Gayle remarks that unlike the in-home care centers, the caregivers at the workplace center are always looking out for the children’s development. “When my daughter was in an in-home from ages three months until 11 months, she mostly sat in a pack-n-play or on a carpeted floor alone all day. My son is now in the newborn room, and I see the caregivers constantly on the floor working with the kids; helping them learn how to roll, sit, and crawl. They know every baby’s schedule, preferences, and personality like it’s their own child,” says Gayle.

Gayle is also pleased with the physical aspects of the daycare center. “It’s a far cry from the windowless basement my daughter was scheduled to go to this year if I hadn’t come to work here,” says Gayle. “That’s aside from the amazing convenience of having an onsite daycare for employees, where we don’t worry the minute we find out we’re expecting where our baby will go; where we don’t spend every waking minute pumping if we wish to nurse; and where we don’t drive around every morning to multiple playgroups before heading to work [since the center spans several ages]. It’s also amazing that I can visit my children on my lunchbreak, and it’s nice for us mothers that we’re friends with our children’s friends’ mothers!”

Director of Public Relations at Kars4Kids, Wendy Kirwan, would tell you that providing fabulous onsite daycare is one tangible expression of how women are seen within the organization. Working mothers aren’t passed over or excluded from important work projects by virtue of their families or busy home lives. Women employees don’t need to hide the fact that a new baby is on the way, or that the family is currently undergoing some sort of stressful change such as a move to a new apartment.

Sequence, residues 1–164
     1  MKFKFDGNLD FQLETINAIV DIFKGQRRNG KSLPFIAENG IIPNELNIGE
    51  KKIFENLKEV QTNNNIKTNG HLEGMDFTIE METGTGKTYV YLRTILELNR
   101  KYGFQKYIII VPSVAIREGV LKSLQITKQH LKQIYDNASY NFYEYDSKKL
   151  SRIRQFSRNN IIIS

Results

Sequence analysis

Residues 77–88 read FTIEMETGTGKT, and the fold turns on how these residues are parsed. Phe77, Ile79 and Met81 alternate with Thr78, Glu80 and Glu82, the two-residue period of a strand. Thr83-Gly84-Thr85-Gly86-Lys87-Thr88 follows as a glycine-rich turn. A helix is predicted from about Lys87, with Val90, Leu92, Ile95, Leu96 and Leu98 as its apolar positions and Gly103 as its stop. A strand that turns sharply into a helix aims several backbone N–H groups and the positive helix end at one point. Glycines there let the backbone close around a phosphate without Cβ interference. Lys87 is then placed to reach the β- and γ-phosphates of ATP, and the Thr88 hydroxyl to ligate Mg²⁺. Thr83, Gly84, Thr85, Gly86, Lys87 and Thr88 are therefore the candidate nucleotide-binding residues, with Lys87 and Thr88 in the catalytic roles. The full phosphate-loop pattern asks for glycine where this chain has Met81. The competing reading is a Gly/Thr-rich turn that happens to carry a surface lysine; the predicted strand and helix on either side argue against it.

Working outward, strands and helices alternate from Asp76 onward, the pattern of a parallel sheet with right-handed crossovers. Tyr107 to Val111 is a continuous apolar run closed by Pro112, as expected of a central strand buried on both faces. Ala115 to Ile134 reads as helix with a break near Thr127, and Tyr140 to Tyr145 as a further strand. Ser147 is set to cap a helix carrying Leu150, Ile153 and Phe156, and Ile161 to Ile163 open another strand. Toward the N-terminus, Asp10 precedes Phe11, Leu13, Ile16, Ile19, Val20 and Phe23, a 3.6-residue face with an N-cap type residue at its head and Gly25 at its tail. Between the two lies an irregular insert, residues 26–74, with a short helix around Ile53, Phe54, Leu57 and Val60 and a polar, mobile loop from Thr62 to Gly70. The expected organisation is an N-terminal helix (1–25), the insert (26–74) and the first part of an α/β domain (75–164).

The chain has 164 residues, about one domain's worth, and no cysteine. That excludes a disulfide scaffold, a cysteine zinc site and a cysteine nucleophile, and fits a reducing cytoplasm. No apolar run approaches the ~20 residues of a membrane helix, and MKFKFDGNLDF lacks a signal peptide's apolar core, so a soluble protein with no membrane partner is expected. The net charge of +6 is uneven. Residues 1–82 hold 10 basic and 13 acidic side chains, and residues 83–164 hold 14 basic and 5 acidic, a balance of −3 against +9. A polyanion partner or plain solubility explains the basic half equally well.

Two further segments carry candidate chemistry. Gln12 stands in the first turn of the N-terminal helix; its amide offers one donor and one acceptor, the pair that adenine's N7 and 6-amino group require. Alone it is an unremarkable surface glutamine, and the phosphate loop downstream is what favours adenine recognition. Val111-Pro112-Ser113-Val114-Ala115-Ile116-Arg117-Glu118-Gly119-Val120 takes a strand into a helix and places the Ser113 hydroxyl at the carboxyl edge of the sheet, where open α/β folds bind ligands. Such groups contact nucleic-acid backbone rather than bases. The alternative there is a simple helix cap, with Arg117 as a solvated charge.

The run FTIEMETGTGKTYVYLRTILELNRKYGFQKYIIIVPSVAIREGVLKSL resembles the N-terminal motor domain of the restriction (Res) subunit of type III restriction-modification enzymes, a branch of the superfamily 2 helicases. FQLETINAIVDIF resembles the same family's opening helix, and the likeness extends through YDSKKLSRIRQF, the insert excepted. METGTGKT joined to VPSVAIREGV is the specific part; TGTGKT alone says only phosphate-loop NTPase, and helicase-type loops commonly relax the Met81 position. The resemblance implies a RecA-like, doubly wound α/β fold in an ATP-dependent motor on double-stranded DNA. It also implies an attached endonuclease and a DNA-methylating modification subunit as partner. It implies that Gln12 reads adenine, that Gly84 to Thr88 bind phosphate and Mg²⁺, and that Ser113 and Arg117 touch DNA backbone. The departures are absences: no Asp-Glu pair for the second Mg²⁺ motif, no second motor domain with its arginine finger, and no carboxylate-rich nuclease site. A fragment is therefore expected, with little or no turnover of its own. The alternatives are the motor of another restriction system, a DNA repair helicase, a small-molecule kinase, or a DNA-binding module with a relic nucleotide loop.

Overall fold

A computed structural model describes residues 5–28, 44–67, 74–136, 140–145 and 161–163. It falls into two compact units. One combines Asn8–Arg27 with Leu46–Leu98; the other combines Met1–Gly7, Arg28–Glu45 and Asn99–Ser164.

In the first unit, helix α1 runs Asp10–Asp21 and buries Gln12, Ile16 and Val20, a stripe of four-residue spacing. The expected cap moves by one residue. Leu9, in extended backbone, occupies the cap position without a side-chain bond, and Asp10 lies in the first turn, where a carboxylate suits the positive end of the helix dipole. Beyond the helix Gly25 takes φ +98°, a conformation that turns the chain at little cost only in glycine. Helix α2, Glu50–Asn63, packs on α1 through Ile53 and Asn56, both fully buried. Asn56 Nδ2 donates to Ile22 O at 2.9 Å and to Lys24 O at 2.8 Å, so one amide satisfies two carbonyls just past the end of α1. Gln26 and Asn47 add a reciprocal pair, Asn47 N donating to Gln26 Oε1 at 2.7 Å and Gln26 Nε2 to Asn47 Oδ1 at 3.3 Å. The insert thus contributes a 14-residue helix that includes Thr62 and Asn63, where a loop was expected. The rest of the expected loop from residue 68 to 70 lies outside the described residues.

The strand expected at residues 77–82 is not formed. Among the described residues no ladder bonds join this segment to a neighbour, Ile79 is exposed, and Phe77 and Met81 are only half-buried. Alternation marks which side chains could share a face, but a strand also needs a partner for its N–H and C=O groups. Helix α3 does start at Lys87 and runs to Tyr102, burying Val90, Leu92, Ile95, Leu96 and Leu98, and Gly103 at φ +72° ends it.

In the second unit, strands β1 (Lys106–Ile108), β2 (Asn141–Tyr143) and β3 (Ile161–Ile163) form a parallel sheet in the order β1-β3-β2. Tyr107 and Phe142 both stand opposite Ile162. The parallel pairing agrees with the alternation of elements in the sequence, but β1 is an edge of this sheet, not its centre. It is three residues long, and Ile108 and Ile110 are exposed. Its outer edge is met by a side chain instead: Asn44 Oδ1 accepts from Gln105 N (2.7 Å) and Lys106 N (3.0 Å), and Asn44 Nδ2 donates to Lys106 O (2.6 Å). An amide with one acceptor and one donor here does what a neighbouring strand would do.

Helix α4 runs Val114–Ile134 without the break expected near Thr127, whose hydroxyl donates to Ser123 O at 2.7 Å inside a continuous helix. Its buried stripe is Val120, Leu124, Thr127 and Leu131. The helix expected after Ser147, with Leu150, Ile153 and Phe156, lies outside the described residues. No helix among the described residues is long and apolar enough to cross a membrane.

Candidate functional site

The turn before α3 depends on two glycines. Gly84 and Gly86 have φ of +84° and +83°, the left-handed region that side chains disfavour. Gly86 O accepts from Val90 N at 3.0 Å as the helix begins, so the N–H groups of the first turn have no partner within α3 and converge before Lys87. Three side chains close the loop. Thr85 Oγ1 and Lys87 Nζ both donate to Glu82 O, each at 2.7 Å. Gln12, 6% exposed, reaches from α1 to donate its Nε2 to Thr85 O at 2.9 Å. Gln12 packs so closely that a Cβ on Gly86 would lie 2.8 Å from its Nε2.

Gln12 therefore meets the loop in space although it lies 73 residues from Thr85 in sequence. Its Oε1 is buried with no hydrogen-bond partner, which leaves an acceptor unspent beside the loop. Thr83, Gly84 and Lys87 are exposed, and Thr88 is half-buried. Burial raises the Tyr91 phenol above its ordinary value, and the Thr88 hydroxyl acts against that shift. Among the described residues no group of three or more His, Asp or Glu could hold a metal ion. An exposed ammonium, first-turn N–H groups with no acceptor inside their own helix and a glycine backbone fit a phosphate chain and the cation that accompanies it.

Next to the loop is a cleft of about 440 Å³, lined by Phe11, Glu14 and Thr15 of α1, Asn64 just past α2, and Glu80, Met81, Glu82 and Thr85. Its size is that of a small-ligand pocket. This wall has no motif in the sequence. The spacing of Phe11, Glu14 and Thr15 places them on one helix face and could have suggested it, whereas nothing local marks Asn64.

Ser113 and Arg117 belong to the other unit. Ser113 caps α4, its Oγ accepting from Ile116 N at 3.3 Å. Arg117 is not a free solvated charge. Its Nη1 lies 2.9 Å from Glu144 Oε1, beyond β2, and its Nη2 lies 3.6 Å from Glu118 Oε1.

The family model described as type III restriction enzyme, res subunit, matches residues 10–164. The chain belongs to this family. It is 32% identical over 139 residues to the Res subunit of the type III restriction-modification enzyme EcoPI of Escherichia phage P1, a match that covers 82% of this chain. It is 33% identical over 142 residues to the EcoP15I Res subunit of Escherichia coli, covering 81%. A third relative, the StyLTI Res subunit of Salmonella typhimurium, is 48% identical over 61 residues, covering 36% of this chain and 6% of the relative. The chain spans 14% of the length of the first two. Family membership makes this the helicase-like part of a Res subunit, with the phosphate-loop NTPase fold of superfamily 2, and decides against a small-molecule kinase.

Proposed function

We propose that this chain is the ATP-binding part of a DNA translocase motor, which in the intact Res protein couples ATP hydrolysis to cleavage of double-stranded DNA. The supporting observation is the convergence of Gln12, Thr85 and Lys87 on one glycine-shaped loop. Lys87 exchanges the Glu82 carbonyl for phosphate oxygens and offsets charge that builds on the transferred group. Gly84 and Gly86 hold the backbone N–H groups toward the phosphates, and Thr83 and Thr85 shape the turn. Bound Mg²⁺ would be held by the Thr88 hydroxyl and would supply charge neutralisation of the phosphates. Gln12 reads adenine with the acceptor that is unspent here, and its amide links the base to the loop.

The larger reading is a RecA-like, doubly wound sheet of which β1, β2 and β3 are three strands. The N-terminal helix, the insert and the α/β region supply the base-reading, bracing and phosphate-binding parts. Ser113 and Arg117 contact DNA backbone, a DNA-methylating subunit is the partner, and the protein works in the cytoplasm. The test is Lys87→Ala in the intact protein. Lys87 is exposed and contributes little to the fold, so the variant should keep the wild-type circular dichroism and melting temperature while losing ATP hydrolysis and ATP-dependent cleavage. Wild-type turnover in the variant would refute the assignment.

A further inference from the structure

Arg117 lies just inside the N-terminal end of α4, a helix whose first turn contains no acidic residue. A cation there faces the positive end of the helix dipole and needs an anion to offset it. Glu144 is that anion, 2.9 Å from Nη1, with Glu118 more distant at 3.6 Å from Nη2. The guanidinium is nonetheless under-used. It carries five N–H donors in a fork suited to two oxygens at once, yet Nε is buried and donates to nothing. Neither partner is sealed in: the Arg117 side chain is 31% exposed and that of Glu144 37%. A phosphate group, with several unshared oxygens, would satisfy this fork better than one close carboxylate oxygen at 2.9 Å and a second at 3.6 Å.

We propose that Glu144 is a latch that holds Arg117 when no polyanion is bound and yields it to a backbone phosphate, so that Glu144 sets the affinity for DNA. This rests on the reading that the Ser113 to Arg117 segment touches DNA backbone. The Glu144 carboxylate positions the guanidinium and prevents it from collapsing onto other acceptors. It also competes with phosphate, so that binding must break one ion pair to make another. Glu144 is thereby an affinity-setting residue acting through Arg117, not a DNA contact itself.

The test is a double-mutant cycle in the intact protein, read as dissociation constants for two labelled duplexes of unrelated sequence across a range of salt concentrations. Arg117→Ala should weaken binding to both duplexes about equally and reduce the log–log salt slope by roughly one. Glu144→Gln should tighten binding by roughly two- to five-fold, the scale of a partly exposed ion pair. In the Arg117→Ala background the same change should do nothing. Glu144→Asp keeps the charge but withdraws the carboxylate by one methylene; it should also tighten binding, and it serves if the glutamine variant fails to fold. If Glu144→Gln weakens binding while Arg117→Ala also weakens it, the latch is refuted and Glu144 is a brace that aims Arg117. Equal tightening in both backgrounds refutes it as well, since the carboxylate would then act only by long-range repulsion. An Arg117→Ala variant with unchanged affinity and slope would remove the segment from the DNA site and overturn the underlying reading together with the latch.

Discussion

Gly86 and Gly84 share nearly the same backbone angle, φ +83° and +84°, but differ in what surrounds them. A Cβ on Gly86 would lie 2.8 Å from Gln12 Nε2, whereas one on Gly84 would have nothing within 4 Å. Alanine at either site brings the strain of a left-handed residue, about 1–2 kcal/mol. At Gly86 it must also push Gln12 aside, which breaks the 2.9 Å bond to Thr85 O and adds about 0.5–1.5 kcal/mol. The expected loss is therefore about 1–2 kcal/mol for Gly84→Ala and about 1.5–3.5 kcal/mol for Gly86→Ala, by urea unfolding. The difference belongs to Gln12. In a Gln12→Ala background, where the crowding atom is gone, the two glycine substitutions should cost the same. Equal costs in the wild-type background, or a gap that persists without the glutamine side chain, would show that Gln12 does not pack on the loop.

“Here, there’s respect for women and balancing their family lives with work that trickles down from the top. Women are expected to perform excellently in the workplace – no different than men – but there’s an inherent understanding of the challenges and daily struggles they experience. It expresses itself sometimes in subtle ways – a well-placed comment, a one-time exception made to policy – but it’s undeniably there and it helps,” says Kirwan.

The nonprofit with the jingle (“1-877-Kars4Kids, donate your car today”) is more than a way to get your car towed for free and a tax deduction. It’s more than a place that funds educational and mentoring initiatives for children. Kars4Kids also serves as a model workplace for working mothers, and now you have the blueprint.